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An old chapter ends, a new one begins

By , Dekalb, IL
I had reached the point in my young life where I needed a job. In the bad economy, my parents could pay for necessities, but being the teenage girl I was (and still am), I wanted more things. Also as a result of the bad economy, businesses weren't hiring. I applied basically everywhere within a twenty mile radius and got nothing. Around the time I started looking for my first job, my grandfather started taking his last breaths. I was always too shy to really talk to him, and it was that way until the very end, so I knew I’d have to show him my respect through my actions rather than words.

The hospital I visited my grandpa at throughout the end of his life was the same hospital he helped to establish. Being the first medical director there and a well-known doctor in the area, I felt a connection to the small, Catholic hospital. I felt at home visiting there and decided to look into their volunteer opportunities. Once I got a hold of the volunteer supervisor, I found that there were many options to choose from, so I decided to work in the gift shop and the accounts payable office.

I started in the summer before my junior year and quickly developed an attachment to the volunteer work I was doing there. Something about being in the gift shop relaxed me. It could turn any bad day around. Plus, interacting with the customers was helping me break free from my shyness. I began to eagerly welcome customers who entered the little shop. As I became more comfortable, I was able to offer more assistance to those either working at or visiting the hospital. Nothing felt better than helping someone get a gift ready for a loved one they were visiting. Even something simple like talking to the doctors who came in for snacks felt great and further brought me out of my previous nervousness I had when it came to interacting with people I didn't know well. As far as helping in the accounts payable office went, that was right up my alley. Being the organizational type, the work I was doing was small, and probably painfully repetitive for some people, but comfortingly satisfying for me. For the first time, I found something that I was skilled at. I could work quickly and efficiently, which apparently none of the volunteers before (and after in my absence) could do as well as I did.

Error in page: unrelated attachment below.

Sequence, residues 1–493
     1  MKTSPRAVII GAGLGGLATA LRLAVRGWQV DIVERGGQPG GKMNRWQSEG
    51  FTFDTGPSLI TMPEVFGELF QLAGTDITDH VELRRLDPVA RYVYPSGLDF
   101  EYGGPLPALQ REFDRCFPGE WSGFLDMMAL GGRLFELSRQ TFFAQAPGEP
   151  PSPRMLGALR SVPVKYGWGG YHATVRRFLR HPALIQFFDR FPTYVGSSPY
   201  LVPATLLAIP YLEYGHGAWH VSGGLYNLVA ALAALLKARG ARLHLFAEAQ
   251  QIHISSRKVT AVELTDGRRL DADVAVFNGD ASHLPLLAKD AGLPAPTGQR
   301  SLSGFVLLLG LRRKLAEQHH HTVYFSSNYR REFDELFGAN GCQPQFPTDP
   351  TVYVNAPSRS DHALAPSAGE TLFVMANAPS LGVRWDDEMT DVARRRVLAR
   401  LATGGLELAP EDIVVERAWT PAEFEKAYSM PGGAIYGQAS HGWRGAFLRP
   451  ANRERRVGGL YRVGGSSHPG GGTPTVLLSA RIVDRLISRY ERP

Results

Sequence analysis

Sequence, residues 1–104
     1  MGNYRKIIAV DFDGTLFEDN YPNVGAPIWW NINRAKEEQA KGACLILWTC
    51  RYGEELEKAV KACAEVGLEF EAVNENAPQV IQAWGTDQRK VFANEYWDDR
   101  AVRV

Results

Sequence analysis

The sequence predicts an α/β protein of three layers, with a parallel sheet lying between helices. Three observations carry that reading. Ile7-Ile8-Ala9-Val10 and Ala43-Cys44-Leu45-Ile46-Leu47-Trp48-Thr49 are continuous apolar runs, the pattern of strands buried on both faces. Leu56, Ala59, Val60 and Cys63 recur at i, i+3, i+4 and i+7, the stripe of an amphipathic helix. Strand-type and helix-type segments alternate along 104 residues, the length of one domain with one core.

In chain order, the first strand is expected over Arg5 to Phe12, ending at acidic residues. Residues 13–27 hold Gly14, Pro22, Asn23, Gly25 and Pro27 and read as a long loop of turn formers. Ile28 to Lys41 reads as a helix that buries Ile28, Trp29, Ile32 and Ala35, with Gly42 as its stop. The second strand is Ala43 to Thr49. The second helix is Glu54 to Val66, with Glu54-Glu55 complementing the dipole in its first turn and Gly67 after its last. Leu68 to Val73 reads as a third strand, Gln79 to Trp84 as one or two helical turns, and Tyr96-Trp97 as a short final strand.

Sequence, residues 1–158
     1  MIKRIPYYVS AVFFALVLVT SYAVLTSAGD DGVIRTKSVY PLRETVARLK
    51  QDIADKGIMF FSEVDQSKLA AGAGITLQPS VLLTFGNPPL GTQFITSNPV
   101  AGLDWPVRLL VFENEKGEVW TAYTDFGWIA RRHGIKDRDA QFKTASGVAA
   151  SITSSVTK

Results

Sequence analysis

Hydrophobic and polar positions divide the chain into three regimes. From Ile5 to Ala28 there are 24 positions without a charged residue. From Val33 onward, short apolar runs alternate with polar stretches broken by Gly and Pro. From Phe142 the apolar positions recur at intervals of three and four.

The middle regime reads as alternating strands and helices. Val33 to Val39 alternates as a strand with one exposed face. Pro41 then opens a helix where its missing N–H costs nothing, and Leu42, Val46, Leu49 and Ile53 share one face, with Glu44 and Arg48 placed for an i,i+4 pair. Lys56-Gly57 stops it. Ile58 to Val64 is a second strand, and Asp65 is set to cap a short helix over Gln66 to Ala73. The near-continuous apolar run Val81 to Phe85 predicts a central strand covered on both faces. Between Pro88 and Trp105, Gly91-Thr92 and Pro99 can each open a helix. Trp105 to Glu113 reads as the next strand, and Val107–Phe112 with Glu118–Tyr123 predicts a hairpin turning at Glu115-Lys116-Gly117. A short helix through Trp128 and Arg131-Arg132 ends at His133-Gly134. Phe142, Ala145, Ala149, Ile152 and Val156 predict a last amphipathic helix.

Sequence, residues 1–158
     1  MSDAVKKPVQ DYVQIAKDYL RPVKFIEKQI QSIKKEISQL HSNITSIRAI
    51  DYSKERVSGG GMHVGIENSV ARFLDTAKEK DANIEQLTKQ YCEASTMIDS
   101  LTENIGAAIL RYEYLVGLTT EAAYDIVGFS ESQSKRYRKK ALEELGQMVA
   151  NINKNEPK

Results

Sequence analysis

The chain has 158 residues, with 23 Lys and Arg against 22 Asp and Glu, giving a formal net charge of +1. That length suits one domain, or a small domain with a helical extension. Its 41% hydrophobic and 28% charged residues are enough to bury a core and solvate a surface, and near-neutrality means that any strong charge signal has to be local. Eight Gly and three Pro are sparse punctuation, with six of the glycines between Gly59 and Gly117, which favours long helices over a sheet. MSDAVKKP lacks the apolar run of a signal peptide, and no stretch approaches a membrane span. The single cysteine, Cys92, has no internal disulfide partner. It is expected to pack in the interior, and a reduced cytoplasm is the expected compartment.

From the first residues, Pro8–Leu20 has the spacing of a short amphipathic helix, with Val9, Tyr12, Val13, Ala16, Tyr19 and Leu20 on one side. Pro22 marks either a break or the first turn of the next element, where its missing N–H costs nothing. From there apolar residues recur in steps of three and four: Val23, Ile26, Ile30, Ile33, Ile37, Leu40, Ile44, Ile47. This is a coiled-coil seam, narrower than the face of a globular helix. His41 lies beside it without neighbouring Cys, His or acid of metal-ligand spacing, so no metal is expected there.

Once my junior year had begun, I had to temporarily leave the accounts payable office since their office hours overlapped with my school hours. I promised the people I worked with that I’d be back next year, which was a promise that I stuck to. I continued working in the gift shop until dance season started and I ran out of time. On top of that, I finally was offered a paying job (thanks to volunteering at the local library), which I took without any hesitation. As the school year dragged on, I found my thoughts wandering more and more frequently back to longings of volunteering at the hospital. Like everyone else my age, I couldn't wait for school to end. Unlike everyone else, I couldn't wait for it to end because I was so eager to get back to volunteering.

After what felt like an eternity, my sports season ended and I gave the volunteer supervisor a call, letting her know when my last day of school was. I told her I wished to continue in the gift shop and accounts payable office if possible, we scheduled when I’d work, and within my first week of summer vacation I found myself back at the hospital. It was like a breath of fresh air. Volunteering there was the only thing I had on my calendar to really look forward to, and while I loved working at the library and getting paid, it for some odd reason couldn't beat my volunteer work at the hospital. And why shouldn't it? I was welcomed back with very warm greetings and stories of how terrible it had been without me around.

“This is basically the best thing to happen to us in a year, since you left,” one of the women I worked with said.

“It is for me, too..” I mumbled, more to myself than to the people around me. I had no idea that I had been such a help around the hospital, and I also hadn't realized how much I really missed being there. Senior year is now approaching and I can still be found at the hospital two days a week, every week. Since I began to give my time to those who could benefit from it more than I could, my heart has grown an immense amount. I had always been a nice person, but I never really made it a priority to go out of my way to help. I still have human flaws, but I find that it now comes more naturally to me to give what I have and to help whenever and wherever possible. I recently decided to visit my grandfather’s grave after working at the hospital one day, and although he’s gone from this life, I know he’s proud of me for giving my time at the same place he loved to give his.




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